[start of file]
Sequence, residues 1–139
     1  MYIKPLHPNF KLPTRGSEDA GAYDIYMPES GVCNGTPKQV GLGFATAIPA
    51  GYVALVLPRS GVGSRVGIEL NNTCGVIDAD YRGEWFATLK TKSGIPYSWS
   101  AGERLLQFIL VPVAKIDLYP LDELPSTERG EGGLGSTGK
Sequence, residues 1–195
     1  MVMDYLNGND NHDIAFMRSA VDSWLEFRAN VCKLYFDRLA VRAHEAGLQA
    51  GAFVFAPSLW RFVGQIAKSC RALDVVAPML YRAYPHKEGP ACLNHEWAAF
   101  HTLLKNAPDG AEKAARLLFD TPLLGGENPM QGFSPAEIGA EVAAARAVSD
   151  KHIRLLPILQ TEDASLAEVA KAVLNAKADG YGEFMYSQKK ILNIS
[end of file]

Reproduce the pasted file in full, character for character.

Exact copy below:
Sequence, residues 1–139
     1  MYIKPLHPNF KLPTRGSEDA GAYDIYMPES GVCNGTPKQV GLGFATAIPA
    51  GYVALVLPRS GVGSRVGIEL NNTCGVIDAD YRGEWFATLK TKSGIPYSWS
   101  AGERLLQFIL VPVAKIDLYP LDELPSTERG EGGLGSTGK
Sequence, residues 1–195
     1  MVMDYLNGND NHDIAFMRSA VDSWLEFRAN VCKLYFDRLA VRAHEAGLQA
    51  GAFVFAPSLW RFVGQIAKSC RALDVVAPML YRAYPHKEGP ACLNHEWAAF
   101  HTLLKNAPDG AEKAARLLFD TPLLGGENPM QGFSPAEIGA EVAAARAVSD
   151  KHIRLLPILQ TEDASLAEVA KAVLNAKADG YGEFMYSQKK ILNIS